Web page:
Since DNA methylation can determine which genes are turned on and which are turned off, it can be used as a marker for aging. Average people of a certain age are expected to have a particular methylation pattern consistent with that age. People who smoke age prematurely and have a DNA methylation pattern consistent with that premature age and the habit.
The press report on this study says
Researchers at Michigan Medicine modeled the relationship between biological age and grip strength of 1,274 middle aged and older adults using three “age acceleration clocks” based on DNA methylation, a process that provides a molecular biomarker and estimator of the pace of aging. The clocks were originally modeled from various studies examining diabetes, cardiovascular disease, cancer, physical disability, Alzheimer’s disease, inflammation and early mortality.
The lead author of the study, Dr. Mark Peterson, explained.
We’ve known that muscular strength is a predictor of longevity, and that weakness is a powerful indicator of disease and mortality, but, for the first time, we have found strong evidence of a biological link between muscle weakness and actual acceleration in biological age.
This suggests that if you maintain your muscle strength across the lifespan, you may be able to protect against many common age-related diseases. We know that smoking, for example, can be a powerful predictor of disease and mortality, but now we know that muscle weakness could be the new smoking.
The researchers at the University of Michigan compared the DNA methylation patterns of those with more powerful handgrip strength to those of the same chronological age but lesser handgrip strength and discovered the former had the same biological marker picture as those with a younger chronological age.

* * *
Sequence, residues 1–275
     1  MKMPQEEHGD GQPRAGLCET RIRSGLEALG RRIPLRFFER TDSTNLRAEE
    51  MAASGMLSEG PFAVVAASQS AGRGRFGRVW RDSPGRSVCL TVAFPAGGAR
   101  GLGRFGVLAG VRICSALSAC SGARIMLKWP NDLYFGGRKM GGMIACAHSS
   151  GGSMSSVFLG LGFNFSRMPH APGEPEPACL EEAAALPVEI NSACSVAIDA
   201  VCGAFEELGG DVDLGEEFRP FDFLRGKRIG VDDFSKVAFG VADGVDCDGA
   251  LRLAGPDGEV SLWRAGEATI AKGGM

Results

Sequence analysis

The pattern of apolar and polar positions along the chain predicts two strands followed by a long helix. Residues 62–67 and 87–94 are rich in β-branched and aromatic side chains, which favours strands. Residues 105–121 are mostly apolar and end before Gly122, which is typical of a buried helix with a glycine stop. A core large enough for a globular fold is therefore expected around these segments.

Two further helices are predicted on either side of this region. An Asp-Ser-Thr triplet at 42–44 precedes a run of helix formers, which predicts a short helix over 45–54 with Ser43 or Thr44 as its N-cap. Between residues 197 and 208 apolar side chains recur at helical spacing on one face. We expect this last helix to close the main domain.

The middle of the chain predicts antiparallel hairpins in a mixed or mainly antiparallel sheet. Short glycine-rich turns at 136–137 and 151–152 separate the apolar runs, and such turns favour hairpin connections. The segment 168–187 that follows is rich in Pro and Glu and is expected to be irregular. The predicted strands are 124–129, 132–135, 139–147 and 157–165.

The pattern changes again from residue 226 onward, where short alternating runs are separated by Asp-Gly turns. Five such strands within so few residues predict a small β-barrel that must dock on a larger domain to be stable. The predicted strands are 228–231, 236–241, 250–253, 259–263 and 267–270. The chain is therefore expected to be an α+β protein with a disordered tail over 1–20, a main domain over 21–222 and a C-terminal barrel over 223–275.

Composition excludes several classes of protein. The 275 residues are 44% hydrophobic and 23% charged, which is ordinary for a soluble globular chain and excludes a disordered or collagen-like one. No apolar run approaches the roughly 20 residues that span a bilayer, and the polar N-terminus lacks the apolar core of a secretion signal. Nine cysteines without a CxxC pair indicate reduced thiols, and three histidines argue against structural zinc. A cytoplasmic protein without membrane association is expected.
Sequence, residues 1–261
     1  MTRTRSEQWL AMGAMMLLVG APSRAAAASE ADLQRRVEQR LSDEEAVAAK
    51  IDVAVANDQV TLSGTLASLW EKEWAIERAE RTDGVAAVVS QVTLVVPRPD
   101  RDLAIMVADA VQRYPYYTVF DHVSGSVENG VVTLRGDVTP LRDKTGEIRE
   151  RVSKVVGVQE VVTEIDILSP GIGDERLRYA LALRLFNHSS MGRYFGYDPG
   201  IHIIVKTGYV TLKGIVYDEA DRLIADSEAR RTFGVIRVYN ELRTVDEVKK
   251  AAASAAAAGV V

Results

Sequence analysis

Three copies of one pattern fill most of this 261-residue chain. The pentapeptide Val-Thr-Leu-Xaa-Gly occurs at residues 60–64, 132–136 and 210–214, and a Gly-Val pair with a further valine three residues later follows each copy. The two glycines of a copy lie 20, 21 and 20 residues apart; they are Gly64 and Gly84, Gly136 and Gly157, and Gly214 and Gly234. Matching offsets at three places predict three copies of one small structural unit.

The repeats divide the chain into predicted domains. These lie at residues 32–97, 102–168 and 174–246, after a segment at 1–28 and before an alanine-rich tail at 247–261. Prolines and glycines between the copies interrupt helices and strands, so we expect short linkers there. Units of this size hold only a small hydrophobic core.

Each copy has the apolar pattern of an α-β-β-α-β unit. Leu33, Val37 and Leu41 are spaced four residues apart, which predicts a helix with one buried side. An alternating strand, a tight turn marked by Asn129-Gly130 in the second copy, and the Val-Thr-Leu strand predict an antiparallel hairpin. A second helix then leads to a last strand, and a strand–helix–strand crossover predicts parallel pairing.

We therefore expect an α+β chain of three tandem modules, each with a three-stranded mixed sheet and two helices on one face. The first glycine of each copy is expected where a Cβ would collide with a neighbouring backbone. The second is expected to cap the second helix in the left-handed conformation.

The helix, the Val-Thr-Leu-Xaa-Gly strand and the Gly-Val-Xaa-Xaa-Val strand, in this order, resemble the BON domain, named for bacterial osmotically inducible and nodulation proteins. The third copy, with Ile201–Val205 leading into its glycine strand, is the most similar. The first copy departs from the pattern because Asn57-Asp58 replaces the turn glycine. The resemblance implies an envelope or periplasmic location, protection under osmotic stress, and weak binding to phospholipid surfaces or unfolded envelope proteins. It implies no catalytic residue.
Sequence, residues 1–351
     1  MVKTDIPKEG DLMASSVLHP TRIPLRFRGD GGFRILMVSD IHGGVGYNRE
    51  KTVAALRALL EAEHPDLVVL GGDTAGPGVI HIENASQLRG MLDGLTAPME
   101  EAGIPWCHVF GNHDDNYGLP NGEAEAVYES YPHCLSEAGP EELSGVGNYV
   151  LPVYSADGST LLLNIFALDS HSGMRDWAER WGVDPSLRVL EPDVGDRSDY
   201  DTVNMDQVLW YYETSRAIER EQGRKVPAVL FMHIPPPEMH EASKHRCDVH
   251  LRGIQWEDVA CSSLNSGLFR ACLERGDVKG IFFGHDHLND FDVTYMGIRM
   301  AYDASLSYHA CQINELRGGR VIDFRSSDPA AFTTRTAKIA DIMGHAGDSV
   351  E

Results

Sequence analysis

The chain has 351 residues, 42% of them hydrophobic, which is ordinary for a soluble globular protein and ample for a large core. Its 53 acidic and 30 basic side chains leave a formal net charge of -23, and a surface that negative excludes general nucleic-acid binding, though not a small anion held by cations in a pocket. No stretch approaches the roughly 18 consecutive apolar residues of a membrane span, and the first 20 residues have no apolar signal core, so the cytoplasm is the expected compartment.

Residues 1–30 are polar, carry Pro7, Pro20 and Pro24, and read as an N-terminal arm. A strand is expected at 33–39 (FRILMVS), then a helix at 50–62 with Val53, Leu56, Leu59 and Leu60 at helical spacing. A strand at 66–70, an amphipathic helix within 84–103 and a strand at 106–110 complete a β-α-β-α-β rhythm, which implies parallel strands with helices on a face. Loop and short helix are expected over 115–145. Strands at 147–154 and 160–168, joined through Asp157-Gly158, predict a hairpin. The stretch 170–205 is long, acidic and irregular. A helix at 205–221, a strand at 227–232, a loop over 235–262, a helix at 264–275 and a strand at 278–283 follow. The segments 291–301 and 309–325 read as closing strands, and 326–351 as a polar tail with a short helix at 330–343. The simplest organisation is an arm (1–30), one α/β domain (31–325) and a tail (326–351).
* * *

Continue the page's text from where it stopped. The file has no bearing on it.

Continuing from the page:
The only issue I have with the study is that it implies that by merely increasing your handgrip strength, you will decrease your chronological age. I’m not sure that’s the case. I don’t think you can sit around all day watching TV and squeezing one of those grip strengthener devices and hope to become younger for your efforts.
The authors do mention in passing that handgrip strength is a proxy for overall strength, which I suspect is true. But more often than not they discuss how handgrip strength is a biological marker for health and greater longevity. And, granted, it is much easier to measure than other forms of strength.
But I don’t want anyone to get the idea that simply strengthening your grip without strengthening your body as whole will make your biological age decrease.
Video of the Week
I love this video about the FDA.
This looks like a movie I would love.
That’s about it for today. One of the issues I have with Substack is that I don’t have a running total of words written, so I can’t tell if I’ve gone on too long, or haven’t gone on enough.
I can’t believe the word count isn’t in there somewhere. I’m sure I just can’t find it.
Keep in good cheer, and I’ll be back next Thursday.
P.S. Don’t forget the low-carb conference in Boca Raton this coming January.